Why Did Gatsby Fail To Achieve The American Dream?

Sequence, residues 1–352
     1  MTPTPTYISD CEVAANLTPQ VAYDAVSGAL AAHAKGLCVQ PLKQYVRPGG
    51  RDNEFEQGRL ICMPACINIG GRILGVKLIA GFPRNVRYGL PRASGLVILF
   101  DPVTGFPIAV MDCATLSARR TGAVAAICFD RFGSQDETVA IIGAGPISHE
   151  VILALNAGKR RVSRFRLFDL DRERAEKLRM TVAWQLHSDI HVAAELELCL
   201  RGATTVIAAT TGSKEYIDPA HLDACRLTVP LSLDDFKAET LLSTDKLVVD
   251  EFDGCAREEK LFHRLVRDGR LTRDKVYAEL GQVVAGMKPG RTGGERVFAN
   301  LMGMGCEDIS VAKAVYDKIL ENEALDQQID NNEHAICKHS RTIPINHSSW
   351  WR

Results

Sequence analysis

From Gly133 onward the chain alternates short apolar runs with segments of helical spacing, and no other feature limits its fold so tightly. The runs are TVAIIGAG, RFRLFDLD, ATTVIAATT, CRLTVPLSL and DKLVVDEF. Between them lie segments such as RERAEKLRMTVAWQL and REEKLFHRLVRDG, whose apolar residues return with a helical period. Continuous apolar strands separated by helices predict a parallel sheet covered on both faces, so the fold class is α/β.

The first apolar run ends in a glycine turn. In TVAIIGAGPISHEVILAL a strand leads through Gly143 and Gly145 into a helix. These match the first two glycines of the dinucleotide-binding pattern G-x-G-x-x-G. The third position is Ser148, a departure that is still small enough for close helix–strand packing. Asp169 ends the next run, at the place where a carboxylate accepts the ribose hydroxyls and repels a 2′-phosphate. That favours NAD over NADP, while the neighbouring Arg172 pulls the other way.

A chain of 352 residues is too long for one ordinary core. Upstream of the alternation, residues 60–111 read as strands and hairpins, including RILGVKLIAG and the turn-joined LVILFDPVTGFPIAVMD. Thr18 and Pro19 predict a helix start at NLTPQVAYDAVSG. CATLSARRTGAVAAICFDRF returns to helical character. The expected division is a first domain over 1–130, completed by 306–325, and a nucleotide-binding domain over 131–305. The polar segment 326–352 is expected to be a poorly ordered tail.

Jay Gatsby spent his entire life accumulating wealth and prestige in the hopes of winning Daisy back and rekindling the connection they had before he went to war. Nick Carraway’s quote, “He had come a long way to this blue lawn and his dream must have seemed so close that he could hardly fail to grasp it,” illustrates Gatsby’s desire to have Daisy, the final piece of his grand vision, as a way to join the upper class. Daisy would give him status, bring back the past, and make his counterfeit life authentic. However, Daisy never wanted to admit to her husband, Tom, that she had feelings for Gatsby, no matter how much money he had, which meant Gatsby never got his happiness. This situation shows that money doesn’t bring happiness, as Gatsby could buy anything he wanted except for the person he wanted. Connections and relationships with people bring happiness, and they are not something you can purchase. Gatsby died unhappy with no friends or family because of his money. The Great Gatsby is a novel that demonstrates the failure of the American Dream in post-war America due to people’s misunderstanding of it and their materialistic view of modern life. The early twentieth century saw the corruption of the American Dream, which was interpreted by people as a search for an easy, materialistic, often immoral and spiritually decadent life.


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